Companies were also harshly affected by the pandemic; 142,000 companies (i.e., 57 percent of those registered) declared suspending operations (135,000 temporarily and 6,300 altogether); 72 percent of these were micro-sized. Significantly, one of the worst-hit sectors, tourism, is also one of the sectors Morocco’s economy depends on the most, and is projected to account for 6.4 percent of GDP. This sector may see up to $14 billion in losses between 2020 and 2022. The percentage of companies that suspended activities in the closely related hospitality sector reached 89 percent. 

Alleviating economic pressures

Similar to other middle-income countries, Morocco’s COVID-19 economic strategy aimed to support economically vulnerable citizens and businesses (through aid, repayment plans, and loan packages), increase healthcare spending, and ensure liquidity provision. However, fiscal limitations meant that relief packages were smaller than in wealthier countries (see Figure 3). Despite these limitations, significant steps were taken, starting with the creation of a taskforce to help the Ministry of Economy and Finance monitor the economic impact of the pandemic. The regime also created an emergency fund in mid-March to help with COVID-related expenses; this fund raised the equivalent of $3.2 billion as of end of April 2020.

Furthermore, after a national lockdown was implemented in March, the government pledged stipends for all workers who lost jobs or working hours due to the pandemic. Formal sector employees would receive the equivalent of $220 per month, and those in the informal sector would receive between $90 to 134 per month, depending on family size. However, there were notable issues surrounding these stipends. First, distributing the pledged aid to all affected employees across the country did not happen in a regular and consistent manner; delays and missed payments took place.[1] Second, while helpful, the amount of aid provided was not sufficient to cover the basic needs of many people (rent, subsistence, etc.).

Businesses also received help; the central bank reduced the benchmark lending rate, increased refinancing operations for small businesses, and expanded the range of collateral to include public and private debt instruments. Furthermore, small businesses received tax deferments, while both small and medium businesses were entitled to three-month loan repayment suspensions and interest free loans. Indeed, as of May 2020, 9,000 loans (the equivalent of $370 million) were given to companies with a turnover below $50 million, though the newly founded guarantee program Damane Oxygene. Self-employed individuals affected by the COVID-19 crisis benefitted from interest-free loans of up to $1,500.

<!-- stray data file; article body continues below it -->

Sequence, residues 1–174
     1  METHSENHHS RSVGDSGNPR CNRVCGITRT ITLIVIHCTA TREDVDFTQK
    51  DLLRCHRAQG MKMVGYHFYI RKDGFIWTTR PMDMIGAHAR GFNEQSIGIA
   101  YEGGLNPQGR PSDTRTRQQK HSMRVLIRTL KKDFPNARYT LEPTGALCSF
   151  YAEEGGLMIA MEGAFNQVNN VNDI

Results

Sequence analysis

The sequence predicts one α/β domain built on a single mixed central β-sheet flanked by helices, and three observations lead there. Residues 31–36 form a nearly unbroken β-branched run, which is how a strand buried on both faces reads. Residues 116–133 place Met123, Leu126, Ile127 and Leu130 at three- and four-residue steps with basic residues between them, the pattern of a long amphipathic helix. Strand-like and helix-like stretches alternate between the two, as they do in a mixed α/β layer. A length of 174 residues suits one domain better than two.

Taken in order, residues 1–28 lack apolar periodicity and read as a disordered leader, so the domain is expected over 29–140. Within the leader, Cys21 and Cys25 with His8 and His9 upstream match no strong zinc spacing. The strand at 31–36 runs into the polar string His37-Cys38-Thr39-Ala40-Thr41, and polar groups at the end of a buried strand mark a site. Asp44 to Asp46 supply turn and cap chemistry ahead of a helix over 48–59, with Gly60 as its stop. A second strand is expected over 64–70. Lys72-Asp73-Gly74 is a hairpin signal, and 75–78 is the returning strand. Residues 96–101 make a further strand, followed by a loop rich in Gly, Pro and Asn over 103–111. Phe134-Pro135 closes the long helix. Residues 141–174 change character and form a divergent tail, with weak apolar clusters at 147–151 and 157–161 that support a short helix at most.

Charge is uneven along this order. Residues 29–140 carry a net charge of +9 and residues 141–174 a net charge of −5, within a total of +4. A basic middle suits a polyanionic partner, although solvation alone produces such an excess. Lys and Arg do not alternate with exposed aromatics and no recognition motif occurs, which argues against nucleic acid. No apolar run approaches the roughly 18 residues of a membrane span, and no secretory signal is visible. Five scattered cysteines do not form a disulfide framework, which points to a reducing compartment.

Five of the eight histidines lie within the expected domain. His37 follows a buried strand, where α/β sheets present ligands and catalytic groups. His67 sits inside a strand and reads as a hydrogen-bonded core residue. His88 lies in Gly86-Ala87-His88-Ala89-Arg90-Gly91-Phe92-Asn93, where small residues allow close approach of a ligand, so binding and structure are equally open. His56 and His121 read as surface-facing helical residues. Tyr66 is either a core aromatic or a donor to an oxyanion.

Figure 3: Fiscal support in response to COVID-19: Limited policy space constrained many More Developed Countries (MDC). (percent of GDP)

Economic Recovery Outlook

Resource-poor Morocco’s fiscal realities limit and complicate the regime’s response to the massive economic consequences of the global pandemic. Indeed, beyond the far-reaching impacts of COVID-19, the kingdom’s already frail economy was further harmed by a draught and a major drop in exports in 2020. In light of this, any economic recovery strategy will be undermined by Morocco’s underlying lack of resources; the regime does not have the wealth or solid economic structures required to deal with the pandemic.

The Central Bank has concluded that the outlook for Morocco’s economic development in 2021 and 2022 is uncertain. However, the last quarter of 2020 has been marked by government level discussions about how economic recovery might be approached in the near future. In October, the king announced a roadmap to revive the country’s economy with the help of a major universal social security project which will reform public establishments.[1] Another main focus will be determining how to revive and prioritize key sectors that were harshly affected in 2020, such as tourism, transport, hospitality, and the private sector.

Several major challenges remain. First, since Morocco’s main trading partner, the European Union, is likely to face a recession, trade is unlikely to bounce back immediately. Second, while reducing the national unemployment rate in 2021 is necessary, this is something the regime has struggled with for decades and is unlikely to solve in the near future. Finally, banking on the tourism sector to accelerate economic recovery will lead to disappointing results. Given travel difficulties associated with the global pandemic, international tourism will continue to plummet, while domestic tourism will be limited due to citizens’ economic hardship.

In the short-term, as COVID-19 cases continue to rise, and as the Moroccan regime attempts to strike a balance between recovering the economy and saving lives, Morocco is banking on Chinese laboratory Sinopharm’s vaccine to pave the way for economic recovery. In the meantime, the regime must invest more in reforming the social coverage system as it does not have enough resources to deal with the economic fallout of such crises. Indeed, the economic management of the crisis has shown that there are difficulties linked to the narrowness of the tax base which jeopardizes the state’s budgetary margins and its ability to adopt countercyclical policies.